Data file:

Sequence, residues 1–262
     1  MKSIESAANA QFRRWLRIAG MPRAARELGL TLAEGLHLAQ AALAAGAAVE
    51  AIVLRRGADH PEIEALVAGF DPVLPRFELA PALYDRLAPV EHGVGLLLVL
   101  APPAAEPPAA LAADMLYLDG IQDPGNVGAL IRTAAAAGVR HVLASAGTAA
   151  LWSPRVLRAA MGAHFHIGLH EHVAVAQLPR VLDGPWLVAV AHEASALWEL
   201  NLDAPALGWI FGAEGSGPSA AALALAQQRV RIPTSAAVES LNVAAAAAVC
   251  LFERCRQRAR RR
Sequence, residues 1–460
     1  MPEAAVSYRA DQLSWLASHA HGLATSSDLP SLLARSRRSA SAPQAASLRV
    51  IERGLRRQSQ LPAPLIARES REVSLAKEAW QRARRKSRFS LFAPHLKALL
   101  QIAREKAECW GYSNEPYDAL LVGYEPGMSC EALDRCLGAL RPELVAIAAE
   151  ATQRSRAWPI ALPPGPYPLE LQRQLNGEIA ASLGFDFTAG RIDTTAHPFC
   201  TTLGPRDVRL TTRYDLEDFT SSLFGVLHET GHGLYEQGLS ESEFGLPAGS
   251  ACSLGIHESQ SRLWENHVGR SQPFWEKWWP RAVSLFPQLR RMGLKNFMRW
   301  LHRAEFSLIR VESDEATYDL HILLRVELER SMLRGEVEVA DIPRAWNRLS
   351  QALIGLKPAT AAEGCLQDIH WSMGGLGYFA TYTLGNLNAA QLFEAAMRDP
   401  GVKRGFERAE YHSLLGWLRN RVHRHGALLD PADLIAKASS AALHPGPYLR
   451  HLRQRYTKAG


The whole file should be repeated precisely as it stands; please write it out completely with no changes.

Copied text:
Sequence, residues 1–262
     1  MKSIESAANA QFRRWLRIAG MPRAARELGL TLAEGLHLAQ AALAAGAAVE
    51  AIVLRRGADH PEIEALVAGF DPVLPRFELA PALYDRLAPV EHGVGLLLVL
   101  APPAAEPPAA LAADMLYLDG IQDPGNVGAL IRTAAAAGVR HVLASAGTAA
   151  LWSPRVLRAA MGAHFHIGLH EHVAVAQLPR VLDGPWLVAV AHEASALWEL
   201  NLDAPALGWI FGAEGSGPSA AALALAQQRV RIPTSAAVES LNVAAAAAVC
   251  LFERCRQRAR RR
Sequence, residues 1–460
     1  MPEAAVSYRA DQLSWLASHA HGLATSSDLP SLLARSRRSA SAPQAASLRV
    51  IERGLRRQSQ LPAPLIARES REVSLAKEAW QRARRKSRFS LFAPHLKALL
   101  QIAREKAECW GYSNEPYDAL LVGYEPGMSC EALDRCLGAL RPELVAIAAE
   151  ATQRSRAWPI ALPPGPYPLE LQRQLNGEIA ASLGFDFTAG RIDTTAHPFC
   201  TTLGPRDVRL TTRYDLEDFT SSLFGVLHET GHGLYEQGLS ESEFGLPAGS
   251  ACSLGIHESQ SRLWENHVGR SQPFWEKWWP RAVSLFPQLR RMGLKNFMRW
   301  LHRAEFSLIR VESDEATYDL HILLRVELER SMLRGEVEVA DIPRAWNRLS
   351  QALIGLKPAT AAEGCLQDIH WSMGGLGYFA TYTLGNLNAA QLFEAAMRDP
   401  GVKRGFERAE YHSLLGWLRN RVHRHGALLD PADLIAKASS AALHPGPYLR
   451  HLRQRYTKAG